Category Archives: work

Freelancing for The Tennis Channel

Annnnnd, we’re clear.  I just finished up my first chunk of time working as a Stage Manager for The Tennis Channel during their coverage of the WTA tournaments in Moscow, Stockholm, Luxembourg, and Singapore.  This freelance gig has been a lot of fun and a great introduction to working in LIVE television.

Remember when I was talking about networking?  It really is the lifeblood of the freelancer.  Case in point, this job came directly to me via a (very thoughtful) friend.  I didn’t see find this posted on Craigslist or Mandy.  There was no crew-call that I am aware of.  It just goes to show you how important it is to communicate and put yourself out there when looking for work in the film/television world.

Because of the time difference and the need to cover this tournament live, I have been waking up at 1am the past few nights to make it to the studio around 2.  Although it has been a little draining, I haven’t had to deal with the typical rush-hour traffic that plagues Los Angeles.  I stumble around the house, make some coffee, get dressed, and sleepwalk to my car (don’t even get me started on that contraption…it goes into the shop tomorrow…).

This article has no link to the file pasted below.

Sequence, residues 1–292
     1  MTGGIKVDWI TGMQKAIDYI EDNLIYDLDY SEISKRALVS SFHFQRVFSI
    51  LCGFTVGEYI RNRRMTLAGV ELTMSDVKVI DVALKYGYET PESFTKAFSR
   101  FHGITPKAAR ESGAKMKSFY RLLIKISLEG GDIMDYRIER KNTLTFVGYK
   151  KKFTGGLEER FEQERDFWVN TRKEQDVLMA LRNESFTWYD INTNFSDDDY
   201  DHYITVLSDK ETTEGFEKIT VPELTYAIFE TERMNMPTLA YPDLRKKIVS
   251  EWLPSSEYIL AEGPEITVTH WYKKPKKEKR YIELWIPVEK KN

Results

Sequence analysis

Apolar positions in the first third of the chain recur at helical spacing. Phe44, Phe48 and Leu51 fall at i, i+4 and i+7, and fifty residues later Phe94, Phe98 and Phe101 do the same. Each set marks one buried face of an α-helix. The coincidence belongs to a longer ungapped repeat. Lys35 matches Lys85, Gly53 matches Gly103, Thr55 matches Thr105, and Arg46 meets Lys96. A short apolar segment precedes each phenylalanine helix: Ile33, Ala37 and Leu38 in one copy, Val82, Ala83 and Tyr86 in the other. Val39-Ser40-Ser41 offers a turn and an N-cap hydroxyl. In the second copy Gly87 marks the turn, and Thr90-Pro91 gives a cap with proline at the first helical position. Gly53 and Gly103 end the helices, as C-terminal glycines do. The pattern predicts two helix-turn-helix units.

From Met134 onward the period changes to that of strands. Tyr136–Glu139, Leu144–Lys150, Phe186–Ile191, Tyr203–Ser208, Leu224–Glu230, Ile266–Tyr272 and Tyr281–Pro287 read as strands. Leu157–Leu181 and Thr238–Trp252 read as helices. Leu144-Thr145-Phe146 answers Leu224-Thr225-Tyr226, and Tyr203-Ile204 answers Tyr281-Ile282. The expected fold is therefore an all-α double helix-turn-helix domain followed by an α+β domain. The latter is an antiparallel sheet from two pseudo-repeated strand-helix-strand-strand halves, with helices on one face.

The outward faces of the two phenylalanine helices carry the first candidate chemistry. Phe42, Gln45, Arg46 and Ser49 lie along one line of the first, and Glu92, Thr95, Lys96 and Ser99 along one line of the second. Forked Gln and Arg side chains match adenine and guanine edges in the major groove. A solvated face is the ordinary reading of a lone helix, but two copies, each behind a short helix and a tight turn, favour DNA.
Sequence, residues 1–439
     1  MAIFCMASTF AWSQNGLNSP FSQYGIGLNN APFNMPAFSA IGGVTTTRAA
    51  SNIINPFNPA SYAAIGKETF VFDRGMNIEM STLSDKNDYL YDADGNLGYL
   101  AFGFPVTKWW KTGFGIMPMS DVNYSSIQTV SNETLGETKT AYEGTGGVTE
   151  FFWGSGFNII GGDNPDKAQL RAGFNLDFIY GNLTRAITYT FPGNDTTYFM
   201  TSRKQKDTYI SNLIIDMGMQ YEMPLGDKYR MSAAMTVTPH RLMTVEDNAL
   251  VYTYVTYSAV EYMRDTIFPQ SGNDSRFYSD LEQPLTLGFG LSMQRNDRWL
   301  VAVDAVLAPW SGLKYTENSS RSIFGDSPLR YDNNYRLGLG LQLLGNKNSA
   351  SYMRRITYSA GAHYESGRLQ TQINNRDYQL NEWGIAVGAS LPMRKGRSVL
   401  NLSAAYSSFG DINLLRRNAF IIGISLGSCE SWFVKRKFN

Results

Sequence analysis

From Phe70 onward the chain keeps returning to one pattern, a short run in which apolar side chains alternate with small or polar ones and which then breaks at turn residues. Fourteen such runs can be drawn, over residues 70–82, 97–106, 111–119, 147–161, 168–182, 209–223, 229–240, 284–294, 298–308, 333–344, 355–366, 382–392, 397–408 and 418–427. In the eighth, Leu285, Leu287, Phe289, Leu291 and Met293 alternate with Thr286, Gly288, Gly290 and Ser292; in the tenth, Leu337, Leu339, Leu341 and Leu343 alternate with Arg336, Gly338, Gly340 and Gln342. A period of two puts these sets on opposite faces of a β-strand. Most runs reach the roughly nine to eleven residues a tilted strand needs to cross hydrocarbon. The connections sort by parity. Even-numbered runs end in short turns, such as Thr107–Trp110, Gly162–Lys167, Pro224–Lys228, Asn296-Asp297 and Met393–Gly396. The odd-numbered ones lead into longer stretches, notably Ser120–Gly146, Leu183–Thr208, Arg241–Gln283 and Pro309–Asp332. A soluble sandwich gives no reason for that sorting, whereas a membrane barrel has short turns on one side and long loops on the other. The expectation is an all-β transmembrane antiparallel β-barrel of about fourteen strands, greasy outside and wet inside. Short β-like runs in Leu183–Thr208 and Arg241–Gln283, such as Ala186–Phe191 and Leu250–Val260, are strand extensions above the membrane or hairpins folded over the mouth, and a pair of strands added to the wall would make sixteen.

Acting as Stage Manager is both exciting and fast-paced.  Working with the Talent, Camera Men, Sound Techs, and the folks in the control room really allows me to see all sides of the production.  It’s fun being on the set and watching everything unfold LIVE, no room for errors.  Also, I love food and The Tennis Channel has fed me really well.

I am currently enjoying a few days off to recuperate before going back for another weekend of work.  I am extremely thankful that I got this opportunity to work with a great group of people and hopefully I’ll work with them again in the future.

And to end this post, here is a meme that I came up with.  I know it’s pretty bad.  Cheers!

My first attempt at a meme.

My first attempt at a meme.

A shitty interview & the importance of positivity

What is the most disappointing interview you have ever experienced? Sitting outside the restaurant at 10:05, I glance at my watch for the third time.  I was already informed that the manager (who is supposed to be shaking my hand and subsequently interviewing me) is running late.  This is a good start.  When he does show I am informed that he was ‘in traffic’ for over an hour.  I’m not sure that I believe him.  It is LA and otherworldly traffic does exist here: the kind of traffic that makes you utter every four-letter word you know and also consider how so many of these people haven’t killed themselves in previous moments of vehicular stupidity.

When he does squeeze through the door and shake my hand, we make our way over to a round table with black vinyl-upholstered seats.  I’m immediately asked about my availability to which I reply, immediate and open, weekends, evenings, whatever you need.  “Good, good”, he says.  Then, less then 2 minutes into our interview he is glancing over the resumé I just handed him (he didn’t bring the other copy I had previously put on file).  With a puzzled look on his face, his eyes come up to meet mine and he asks, “so where is your serving experience?”